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What was (or at least at the time appeared to be) a correct answer to a question of mine is now (possibly due to software changes by Apple) no longer resolves my question. I've already accepted this answer as the correct one. How should I handle the fact that what it suggests no longer works?

Should I un-accept it? Is that sufficient?

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  • In this specific case - do you feel you want to document how things were - or have an up to date answer to the question?
    – bmike Mod
    Apr 22 '12 at 16:52
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    I generally just un-accept the answer, and leave a comment explaining that this is no longer applicable (because it may have a high positive score). Jul 27 '12 at 1:02
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Two things work very well.

1) Edit the question to remain historically significant - answer at time. You can edit the answer if needed or just comment that this is no longer true.

1a) If the basic need is still there, re-ask the new question and link the two explaining how the old question isn't the answer since X, Y, and Z have changed.

2) Edit / comment the question to indicate how old answers are not relevant with new X arriving.

So - here are the guiding principles as I see them.

  • preserve value and votes on an old question - the more popular the old question, the more inclined I am to just leave it and move on (option 1).
  • edit / comment to add commentary when things change and old content is stale and needs further explanations.

It's really your choice - neither is wrong to choose. The only wrong move is to allow the incorrect content to sit without at least a comment explaining the new circumstances. Again, you don't have to do even that, but from a "how should it be handled" ideal situation - always addressing things that need help is the correct answer.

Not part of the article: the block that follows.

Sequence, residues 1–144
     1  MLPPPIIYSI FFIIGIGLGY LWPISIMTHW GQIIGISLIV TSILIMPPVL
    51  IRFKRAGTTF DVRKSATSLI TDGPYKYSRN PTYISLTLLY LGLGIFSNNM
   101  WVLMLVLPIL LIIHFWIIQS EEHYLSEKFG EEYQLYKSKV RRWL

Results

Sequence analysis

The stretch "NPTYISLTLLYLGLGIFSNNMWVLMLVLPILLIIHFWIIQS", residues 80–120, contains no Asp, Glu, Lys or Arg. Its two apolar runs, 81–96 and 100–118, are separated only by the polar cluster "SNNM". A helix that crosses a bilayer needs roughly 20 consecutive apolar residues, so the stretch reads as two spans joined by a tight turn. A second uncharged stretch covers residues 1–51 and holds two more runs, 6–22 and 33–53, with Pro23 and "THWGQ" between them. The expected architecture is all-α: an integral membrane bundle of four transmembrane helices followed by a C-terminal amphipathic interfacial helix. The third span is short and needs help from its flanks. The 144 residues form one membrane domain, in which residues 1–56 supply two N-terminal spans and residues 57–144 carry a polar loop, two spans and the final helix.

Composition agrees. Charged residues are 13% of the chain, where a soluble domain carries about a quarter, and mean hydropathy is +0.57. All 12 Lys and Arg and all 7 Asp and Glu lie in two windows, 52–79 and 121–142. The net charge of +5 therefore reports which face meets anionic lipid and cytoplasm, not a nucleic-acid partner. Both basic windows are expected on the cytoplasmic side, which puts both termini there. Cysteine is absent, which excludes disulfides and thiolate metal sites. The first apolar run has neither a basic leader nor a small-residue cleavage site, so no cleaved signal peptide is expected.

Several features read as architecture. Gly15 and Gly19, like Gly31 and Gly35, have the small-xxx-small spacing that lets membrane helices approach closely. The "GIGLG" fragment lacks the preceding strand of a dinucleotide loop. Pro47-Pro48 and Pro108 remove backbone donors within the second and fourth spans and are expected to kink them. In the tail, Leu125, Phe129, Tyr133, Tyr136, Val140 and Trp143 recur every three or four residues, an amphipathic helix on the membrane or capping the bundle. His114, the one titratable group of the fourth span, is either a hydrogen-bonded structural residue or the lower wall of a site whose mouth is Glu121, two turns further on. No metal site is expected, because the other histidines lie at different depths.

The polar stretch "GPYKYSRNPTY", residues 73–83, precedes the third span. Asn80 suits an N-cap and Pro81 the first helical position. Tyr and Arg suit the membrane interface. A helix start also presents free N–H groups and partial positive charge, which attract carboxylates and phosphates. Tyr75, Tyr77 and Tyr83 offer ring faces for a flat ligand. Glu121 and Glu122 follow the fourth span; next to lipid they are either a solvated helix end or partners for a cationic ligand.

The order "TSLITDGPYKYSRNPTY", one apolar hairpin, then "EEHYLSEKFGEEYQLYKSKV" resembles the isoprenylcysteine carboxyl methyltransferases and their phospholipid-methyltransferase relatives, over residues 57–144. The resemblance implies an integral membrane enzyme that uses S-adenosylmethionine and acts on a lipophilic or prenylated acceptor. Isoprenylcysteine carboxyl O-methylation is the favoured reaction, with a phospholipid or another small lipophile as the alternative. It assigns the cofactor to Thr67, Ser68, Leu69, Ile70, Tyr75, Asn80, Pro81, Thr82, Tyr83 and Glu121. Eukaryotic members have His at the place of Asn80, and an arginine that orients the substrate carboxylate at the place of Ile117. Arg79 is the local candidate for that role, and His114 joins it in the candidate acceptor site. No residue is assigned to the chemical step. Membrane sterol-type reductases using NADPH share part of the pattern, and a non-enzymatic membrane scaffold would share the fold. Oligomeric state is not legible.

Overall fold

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    You can edit the question to read something like ".... this happens in Mac OS X 10.1.2 (include the minor revision)... " -- or otherwise describe the conditions where the answer remains valid. Then you can ask another question which is based on your old question but with the conditions updated (say, Mac OS X 10.2.3). Remember to link the new question to the old one so that it doesn't get marked as duplicate.
    – adib
    Apr 23 '12 at 9:55
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I would say that if your question and the posted answer remain accurate for some context, but not the latest context, keep it as the accepted answer, and edit the question to indicate the limited context. For instance, if you asked "Can I run apps so they take up the full screen" under Leopard, the answer, in general was "No, there is no generic full-screen mode." Lion comes out, and now there is. Your question and its answer are still useful for someone running Lion, so edit the question to indicate "prior to OS X 10.7, can I run apps so they take up the full screen."

For released, versioned software, this strikes me as far and away the most appropriate way to go. On the other hand, in your case, the software you describe is an online service; the fact that something worked or did not work in previous versions is sadly not helpful, as the current behavior of the system applies to all users. In this case, the answer is no longer correct. Were it me, I would not un-accept until a more current answer arrives to replace it, but I would point out in a comment the changing circumstances, and perhaps edit the original question also.

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